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Bears must buck history for shot at playoffs

The Chicago Bears have come so far in their first season under John Fox's leadership. Fox has turned around a fractured culture but he still has one more recent trend to stop if the Bears want to find themselves in the playoff hunt at the season's end.

Dennis Wierzbicki-USA TODAY Sports

The Bears are within a game of .500 for the third time this season after last Thursday's game. The Bears have not been .500 since week six of the 2014 season when they beat Atlanta to get to 3-3.

It would be a big achievement for this team just to get to .500 considering the larger context of the season; the lack of top to bottom talent on the roster, as well as the number of injuries that the team has been hit with. The coaching staff of John Fox has this team punching above their weight and save for two games when their starting QB was injured, they've been in every game.

The John Fox way really came to fruition on Thanksgiving night when the team traveled to Lambeau Field, a proverbial house of horrors in recent years for Jay Cutler and the Bears and beat their foes 17-13.

Standing at 5-6, the Bears have a remote shot at the playoffs but those chances start largely on the idea that they can win out. The remaining five games are certainly winnable, the toughest being a showdown against the division leading Minnesota Vikings in three weeks' time.

However, recent history says that December is not kind to the Bears and winning out will be no easy task.

To begin with, Chicago needs to win out, asking them to finish the team season on a six-game winning streak. The team hasn't had a three-game win streak since September of 2013 when they opened the season 3-0. They haven't won six straight since the final year of the Lovie Smith era.

The second part of this is that Chicago has not had a history of finishing seasons strongly in quite some time. Going back to 2010, the Bears own an 8-16 record in December and January regular season games.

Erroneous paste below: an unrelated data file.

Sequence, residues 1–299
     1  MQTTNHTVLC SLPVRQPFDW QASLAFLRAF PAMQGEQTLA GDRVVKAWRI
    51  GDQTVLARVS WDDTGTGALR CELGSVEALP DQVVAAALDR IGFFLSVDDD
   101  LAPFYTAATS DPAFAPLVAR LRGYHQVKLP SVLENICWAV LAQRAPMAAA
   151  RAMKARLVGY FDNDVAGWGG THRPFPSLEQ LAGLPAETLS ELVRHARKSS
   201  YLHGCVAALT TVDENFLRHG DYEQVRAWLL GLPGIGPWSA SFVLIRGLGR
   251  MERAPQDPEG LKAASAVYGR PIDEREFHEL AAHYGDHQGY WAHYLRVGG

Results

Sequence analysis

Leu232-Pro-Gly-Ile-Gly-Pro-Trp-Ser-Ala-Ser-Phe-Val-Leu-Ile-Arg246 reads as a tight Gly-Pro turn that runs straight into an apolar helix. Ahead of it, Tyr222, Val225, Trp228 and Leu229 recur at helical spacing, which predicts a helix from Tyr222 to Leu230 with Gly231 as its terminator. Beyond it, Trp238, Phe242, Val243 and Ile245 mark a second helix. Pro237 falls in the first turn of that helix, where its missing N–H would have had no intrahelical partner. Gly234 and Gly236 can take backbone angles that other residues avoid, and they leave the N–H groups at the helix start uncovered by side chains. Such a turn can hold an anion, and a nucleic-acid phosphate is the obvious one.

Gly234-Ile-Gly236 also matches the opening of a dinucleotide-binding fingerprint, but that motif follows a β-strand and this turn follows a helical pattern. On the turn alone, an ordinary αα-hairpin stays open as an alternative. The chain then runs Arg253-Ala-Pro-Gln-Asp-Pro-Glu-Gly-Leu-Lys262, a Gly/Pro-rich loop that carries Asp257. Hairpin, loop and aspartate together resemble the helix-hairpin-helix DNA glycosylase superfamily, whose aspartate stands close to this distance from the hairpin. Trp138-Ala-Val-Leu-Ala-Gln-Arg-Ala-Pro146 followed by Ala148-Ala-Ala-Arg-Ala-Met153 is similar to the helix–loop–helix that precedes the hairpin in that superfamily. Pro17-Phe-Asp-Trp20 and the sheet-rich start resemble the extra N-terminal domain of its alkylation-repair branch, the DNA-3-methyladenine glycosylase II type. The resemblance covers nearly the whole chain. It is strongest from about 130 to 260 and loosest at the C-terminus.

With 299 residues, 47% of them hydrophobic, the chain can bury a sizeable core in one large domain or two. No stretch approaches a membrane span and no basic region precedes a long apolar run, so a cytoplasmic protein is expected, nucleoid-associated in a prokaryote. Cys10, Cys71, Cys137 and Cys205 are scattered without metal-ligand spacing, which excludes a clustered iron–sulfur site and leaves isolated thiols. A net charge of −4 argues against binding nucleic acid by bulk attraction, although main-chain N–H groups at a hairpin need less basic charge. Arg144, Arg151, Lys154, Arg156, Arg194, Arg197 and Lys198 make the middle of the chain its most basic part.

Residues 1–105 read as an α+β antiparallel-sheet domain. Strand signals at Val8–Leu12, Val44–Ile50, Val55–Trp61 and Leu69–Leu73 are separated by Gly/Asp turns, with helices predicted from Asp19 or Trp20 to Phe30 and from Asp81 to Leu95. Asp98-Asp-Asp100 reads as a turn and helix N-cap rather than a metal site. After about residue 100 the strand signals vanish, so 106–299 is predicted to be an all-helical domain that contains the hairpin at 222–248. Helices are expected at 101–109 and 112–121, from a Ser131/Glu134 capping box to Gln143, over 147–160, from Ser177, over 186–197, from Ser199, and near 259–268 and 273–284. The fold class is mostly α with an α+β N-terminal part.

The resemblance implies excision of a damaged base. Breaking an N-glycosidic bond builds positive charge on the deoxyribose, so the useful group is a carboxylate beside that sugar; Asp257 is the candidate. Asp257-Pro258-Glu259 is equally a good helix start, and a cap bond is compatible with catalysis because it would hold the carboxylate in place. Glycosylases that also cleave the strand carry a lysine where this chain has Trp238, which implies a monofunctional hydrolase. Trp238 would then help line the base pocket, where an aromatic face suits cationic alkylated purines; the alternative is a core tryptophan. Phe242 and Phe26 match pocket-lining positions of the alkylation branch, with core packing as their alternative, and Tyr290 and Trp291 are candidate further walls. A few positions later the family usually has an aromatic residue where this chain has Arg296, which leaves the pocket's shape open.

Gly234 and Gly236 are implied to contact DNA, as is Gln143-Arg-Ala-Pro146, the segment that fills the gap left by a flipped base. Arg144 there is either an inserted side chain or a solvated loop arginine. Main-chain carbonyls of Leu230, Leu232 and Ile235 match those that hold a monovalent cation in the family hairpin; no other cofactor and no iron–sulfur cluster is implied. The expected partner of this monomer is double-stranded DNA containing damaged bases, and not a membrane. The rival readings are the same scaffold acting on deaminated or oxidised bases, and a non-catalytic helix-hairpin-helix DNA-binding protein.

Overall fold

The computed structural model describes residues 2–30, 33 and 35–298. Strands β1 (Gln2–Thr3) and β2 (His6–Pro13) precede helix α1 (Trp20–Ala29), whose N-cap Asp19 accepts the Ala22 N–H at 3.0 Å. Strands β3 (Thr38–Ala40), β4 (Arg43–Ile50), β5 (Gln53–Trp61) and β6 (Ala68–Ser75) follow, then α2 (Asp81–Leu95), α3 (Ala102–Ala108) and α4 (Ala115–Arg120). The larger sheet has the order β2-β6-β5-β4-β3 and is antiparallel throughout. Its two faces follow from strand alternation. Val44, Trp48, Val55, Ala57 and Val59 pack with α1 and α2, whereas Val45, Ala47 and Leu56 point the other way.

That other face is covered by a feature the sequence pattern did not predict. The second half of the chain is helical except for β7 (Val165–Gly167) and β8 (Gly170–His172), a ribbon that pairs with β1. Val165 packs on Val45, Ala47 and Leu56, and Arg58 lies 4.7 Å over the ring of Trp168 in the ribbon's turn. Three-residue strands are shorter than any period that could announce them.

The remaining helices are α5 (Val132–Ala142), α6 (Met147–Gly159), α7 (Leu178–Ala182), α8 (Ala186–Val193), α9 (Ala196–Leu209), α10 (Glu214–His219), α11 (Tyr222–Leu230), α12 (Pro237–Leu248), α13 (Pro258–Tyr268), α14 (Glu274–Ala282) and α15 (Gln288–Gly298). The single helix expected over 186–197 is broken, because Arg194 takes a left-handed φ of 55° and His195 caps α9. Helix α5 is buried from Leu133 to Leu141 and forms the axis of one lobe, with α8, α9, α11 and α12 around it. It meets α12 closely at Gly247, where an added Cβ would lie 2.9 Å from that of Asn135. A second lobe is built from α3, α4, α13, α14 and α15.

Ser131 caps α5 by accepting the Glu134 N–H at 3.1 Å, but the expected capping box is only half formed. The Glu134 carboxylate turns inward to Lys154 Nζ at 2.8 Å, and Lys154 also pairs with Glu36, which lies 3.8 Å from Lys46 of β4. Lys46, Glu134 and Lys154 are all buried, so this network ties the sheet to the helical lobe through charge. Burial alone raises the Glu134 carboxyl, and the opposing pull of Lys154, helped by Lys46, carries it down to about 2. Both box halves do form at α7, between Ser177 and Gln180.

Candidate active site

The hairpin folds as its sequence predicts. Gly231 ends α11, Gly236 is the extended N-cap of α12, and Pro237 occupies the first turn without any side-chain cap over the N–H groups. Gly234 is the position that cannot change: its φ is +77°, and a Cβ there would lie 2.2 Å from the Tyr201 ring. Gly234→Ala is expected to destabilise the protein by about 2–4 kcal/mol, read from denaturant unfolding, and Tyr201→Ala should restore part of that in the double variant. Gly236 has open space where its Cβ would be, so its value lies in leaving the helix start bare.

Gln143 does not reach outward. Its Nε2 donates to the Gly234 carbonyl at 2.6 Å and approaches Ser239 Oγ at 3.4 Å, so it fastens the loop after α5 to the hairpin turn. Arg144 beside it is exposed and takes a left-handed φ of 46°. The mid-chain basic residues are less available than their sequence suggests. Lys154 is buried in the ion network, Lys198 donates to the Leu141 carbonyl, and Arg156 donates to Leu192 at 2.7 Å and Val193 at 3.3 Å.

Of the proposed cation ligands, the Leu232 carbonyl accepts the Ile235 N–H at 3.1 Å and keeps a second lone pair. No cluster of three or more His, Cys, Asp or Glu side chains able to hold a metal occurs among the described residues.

Their best run in that time was in 2010 when they finished 3-2 in December and January, beating the Lions, losing to the Patriots, beating Minnesota and the Jets but then dropping a week 17 home game to the Packers.

In each subsequent year, except for last, the Bears had legitimate playoff hopes entering the final month of the season. In 2011 the Bears were 7-4 entering December but had just lost Jay Cutler to a thumb injury. Matt Forte went down in the first game of the month and the season slipped away as their replacements couldn't tread water until they had a chance to return, once the season was gone the pair were put on IR and the team finished 1-4.

In 2012 the Bears entered December boasting an 8-3 record but lost three straight before recovering to win the final two but couldn't get into the postseason.

In 2013, under Marc Trestman, the Bears came into the final five games at 6-5 with Josh McCown filling in for the injured Cutler. McCown went 1-1 in December before Cutler was healthy enough to come back but the team still went 1-2 in the final three weeks (including a foreshadowing 54-11 drubbing by the Eagles in week 16 with a playoff berth there for the taking).

Last season the bears dropped their final five, including all four December games. They entered the final five games at 5-7 and the playoffs were already out the question as the team spiraled out of control.

The question is then, can the Bears finally put their fizzling end to seasons behind them and play their best football when the games begin to mean the most? Every team wants to have a chance at playing well into January but often times that means winning in December. Since 2010, the Bears haven't been able to do that.

John Fox has turned this team around quicker than most thought was possible and they've been in every single game over the last month. They are starting to play some of their best football but can Fox get them to end their December woes and position them to grab a playoff spot?

Stay tuned.

Do you think Fox can end the Bears' bad December/January runs?